Stamp Duty Calculator

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Find out how much Stamp Duty Land Tax (SDLT) you will have to pay on your home with our 2022 Stamp Duty Calculator.

Stamp Duty Calculator

See also:

Calculate Land Transaction Tax on a residential property in Wales

What is Stamp Duty Land Tax (SDLT)?

Stamp Duty Land Tax (SDLT) is a tax payable to HMRC on property and land purchases. Unless you are a first-time buyer meeting certain criteria, you will be required to pay it if you buy a residential property in England or Northern Ireland for more than the prevailing threshold.

In Scotland, you pay Land and Buildings Transaction Tax, and in Wales Land Transaction Tax.

How is Stamp Duty calculated?

Stamp Duty is calculated in increasing percentage brackets on the purchase price of the property:

Stamp Duty bracket SDLT % rate
Up to £125,000 0%
The next £125,001 - £250,000 2%
The next £250,001 - £925,000 5%
The next £925,001 - £1.5m 10%
The amount over £1.5m 12%

Example:

If you purchase a residential property for £600,000 you would pay £20,000 SDLT, calculated as follows:

  • 0% on the first £125,000 (£0)
  • 2% on the next £125,000 (£2,500)
  • 5% on the next £350,000 (£17,500)

Read more:

How much Stamp Duty do I pay on a buy-to-let property?

Stamp Duty for first-time buyers

As a first-time buyer, you will be able to claim SDLT Relief (pay no Stamp Duty) as follows:

Stamp Duty bracket First-time buyer rate
Up to £300,000 0%
£300,001 - £500,000 5%
over £500,001 If the purchase price exceeds £500,000, you will not be able to claim SDLT relief. SDLT will be charged as per the standard rate.

Example 1:

If you purchase a property for £400,000, you would pay £5,000 Stamp Duty, calculated as follows:

  • 0% on the first £300,000 (£0)
  • 5% on the next £100,000 (£5,000)

Example 2:

If you purchase a property for £600,000, you would pay £20,000 Stamp Duty, calculated as follows:

  • 0% on the first £125,000 (£0)
  • 2% on the next £125,000 (£2,500)
  • 5% on the next £350,000 (£17,500)

Read more:

Stamp Duty relief for first-time buyers

Stamp Duty on second homes

If you buy a second home (or any additional properties) you will have to pay a 3% surcharge in addition to the standard SDLT rate.

Stamp Duty rates are as follows:

Stamp Duty bracket SDLT % rate
Up to £125,000 3%
The next £125,001 - £250,000 5%
The next £250,001 - £925,000 8%
The next £925,001 - £1.5m 13%
The amount over £1.5m 15%

The rates apply to any second home, including buy to let and holiday homes. If you already own a property abroad and subsequently purchase a second property in England, you will still have to pay the 3% surcharge.

Example:

If you purchase a second home for £600,000 you would pay £38,000 SDLT, calculated as follows:

  • 3% on the first £125,000 (£3,750)
  • 5% on the next £125,000 (£6,250)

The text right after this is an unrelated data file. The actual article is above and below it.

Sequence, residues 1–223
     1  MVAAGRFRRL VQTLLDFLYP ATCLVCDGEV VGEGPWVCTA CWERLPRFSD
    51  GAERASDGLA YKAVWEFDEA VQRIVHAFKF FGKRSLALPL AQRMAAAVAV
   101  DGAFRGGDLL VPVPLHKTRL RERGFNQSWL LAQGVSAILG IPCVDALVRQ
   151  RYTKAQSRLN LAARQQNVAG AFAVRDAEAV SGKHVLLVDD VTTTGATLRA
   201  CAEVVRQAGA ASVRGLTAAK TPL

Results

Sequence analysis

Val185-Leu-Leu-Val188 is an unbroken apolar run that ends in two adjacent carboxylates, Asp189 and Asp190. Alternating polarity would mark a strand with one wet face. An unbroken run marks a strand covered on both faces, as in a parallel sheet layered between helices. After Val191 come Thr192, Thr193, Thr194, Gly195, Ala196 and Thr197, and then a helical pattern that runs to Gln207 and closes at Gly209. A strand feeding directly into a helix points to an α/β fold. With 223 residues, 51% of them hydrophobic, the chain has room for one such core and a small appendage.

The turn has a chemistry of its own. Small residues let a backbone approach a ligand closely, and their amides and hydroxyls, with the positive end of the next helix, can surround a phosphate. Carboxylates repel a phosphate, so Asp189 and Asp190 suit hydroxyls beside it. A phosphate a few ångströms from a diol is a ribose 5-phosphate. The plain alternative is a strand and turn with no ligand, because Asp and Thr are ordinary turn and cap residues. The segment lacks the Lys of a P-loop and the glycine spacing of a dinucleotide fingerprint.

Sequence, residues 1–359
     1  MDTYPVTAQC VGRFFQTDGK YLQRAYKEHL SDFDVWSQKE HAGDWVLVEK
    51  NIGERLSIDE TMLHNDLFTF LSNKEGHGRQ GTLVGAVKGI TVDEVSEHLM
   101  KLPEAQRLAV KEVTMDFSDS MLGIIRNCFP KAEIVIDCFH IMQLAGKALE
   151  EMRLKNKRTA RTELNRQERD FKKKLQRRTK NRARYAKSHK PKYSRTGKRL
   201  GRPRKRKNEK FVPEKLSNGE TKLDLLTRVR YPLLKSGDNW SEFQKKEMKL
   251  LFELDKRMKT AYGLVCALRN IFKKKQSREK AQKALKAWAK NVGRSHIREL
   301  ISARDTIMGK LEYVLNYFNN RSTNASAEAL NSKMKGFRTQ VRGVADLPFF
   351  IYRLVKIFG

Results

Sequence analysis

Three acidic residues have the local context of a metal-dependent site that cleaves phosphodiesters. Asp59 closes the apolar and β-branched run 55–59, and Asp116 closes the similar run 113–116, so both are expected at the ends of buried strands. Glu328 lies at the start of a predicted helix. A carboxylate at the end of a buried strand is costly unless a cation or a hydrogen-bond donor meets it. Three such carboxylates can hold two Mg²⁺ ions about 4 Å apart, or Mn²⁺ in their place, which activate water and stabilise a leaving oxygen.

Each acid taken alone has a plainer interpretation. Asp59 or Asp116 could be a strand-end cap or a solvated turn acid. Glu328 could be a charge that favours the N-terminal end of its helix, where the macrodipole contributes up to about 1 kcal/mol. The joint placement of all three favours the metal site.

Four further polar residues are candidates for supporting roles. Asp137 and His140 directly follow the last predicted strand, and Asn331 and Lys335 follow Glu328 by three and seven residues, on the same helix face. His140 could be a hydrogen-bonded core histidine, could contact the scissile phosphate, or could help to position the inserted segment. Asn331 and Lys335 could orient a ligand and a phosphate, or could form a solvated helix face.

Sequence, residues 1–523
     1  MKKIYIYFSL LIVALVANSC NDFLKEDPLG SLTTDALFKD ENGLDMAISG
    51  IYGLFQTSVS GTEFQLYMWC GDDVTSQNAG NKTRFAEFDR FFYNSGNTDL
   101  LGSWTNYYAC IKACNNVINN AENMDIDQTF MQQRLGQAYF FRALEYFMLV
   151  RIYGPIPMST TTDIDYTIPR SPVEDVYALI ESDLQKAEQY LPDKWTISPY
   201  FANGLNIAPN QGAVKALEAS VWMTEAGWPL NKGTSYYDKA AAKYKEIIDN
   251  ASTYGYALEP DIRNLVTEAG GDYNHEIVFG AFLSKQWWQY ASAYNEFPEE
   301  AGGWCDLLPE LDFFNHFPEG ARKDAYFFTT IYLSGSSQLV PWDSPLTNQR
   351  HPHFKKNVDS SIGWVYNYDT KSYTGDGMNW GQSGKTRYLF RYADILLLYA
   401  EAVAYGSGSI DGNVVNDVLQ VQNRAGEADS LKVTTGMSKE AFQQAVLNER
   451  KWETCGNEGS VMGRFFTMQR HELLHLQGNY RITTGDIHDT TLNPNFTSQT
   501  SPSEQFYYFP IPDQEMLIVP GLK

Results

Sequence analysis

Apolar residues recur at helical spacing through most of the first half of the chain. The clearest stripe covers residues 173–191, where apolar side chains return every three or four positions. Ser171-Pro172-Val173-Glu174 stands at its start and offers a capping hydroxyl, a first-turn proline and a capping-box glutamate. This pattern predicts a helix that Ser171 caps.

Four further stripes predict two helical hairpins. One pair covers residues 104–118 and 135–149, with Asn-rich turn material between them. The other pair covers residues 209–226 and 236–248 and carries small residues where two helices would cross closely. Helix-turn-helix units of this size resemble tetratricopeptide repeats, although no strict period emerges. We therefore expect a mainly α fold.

• 8% on the next £350,000 (£28,000)

Stamp Duty - Non-UK residents

Overseas buyers pay an additional 2% SDLT surcharge when buying a residential property in England and Northern Ireland.

The surcharge is payable, regardless of whether company or individual) subject to a few exceptions for specific collective investment vehicles such as REITs.

The surcharge is also payable in addition to the 3% second home surcharge.

Example 1:

If you purchase a property for £600,000 as an overseas buyer, you would pay £32,000 Stamp Duty, calculated as follows:

  • 2% on the first £125,000 (£2,500)
  • 4% on the next £125,000 (£5,000)
  • 7% on the next £350,000 (£24,500)

Example 2:

If you purchase a second property for £600,000 as an overseas buyer, you would pay £50,000 Stamp Duty, calculated as follows:

  • 5% on the first £125,000 (£6,250)
  • 7% on the next £125,000 (£8,750)
  • 10% on the next £350,000 (£35,000)

When do I have to pay Stamp Duty?

Once you have completed your purchase, you have 30 days in which to pay any Stamp Duty you owe. If the purchase price was over £40,000, a SDLT Return must be submitted to HMRC, even if no Stamp Duty is payable. Your solicitor will usually complete the SDLT Return for you as well as organising the payment.

The amount of SDLT will be charged as a disbursement and factored into the completion costs on completion of your purchase.

If you fail to pay what you owe, you could face a penalty and incur interest charges.

Are any properties exempt from Stamp Duty?

There are a few scenarios where you don't have to pay Stamp Duty or submit an SDLT return to HMRC:

  • Property is transferred to you but no payment changed hands
  • A property has been left to you in a will
  • A property has been transferred as the result of divorce, or the breakup of a civil partnership
  • The property you’re buying is worth less than £40,000.

If you are unsure as to whether you owe Stamp Duty or not, check with your conveyancing solicitor.

Other points to consider…

  • If you are purchasing a new build property, some developers may offer to pay your Stamp Duty for you as an incentive.
  • Non-residential properties and land attract different rates of Stamp Duty (See Gov.uk).
  • If you buy a property to move into before your first home has sold, you will pay more Stamp Duty on the two properties but you can get a refund if you sell the first property within 36 months.

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Chris Salmon, Director

Author:
Chris Salmon, Director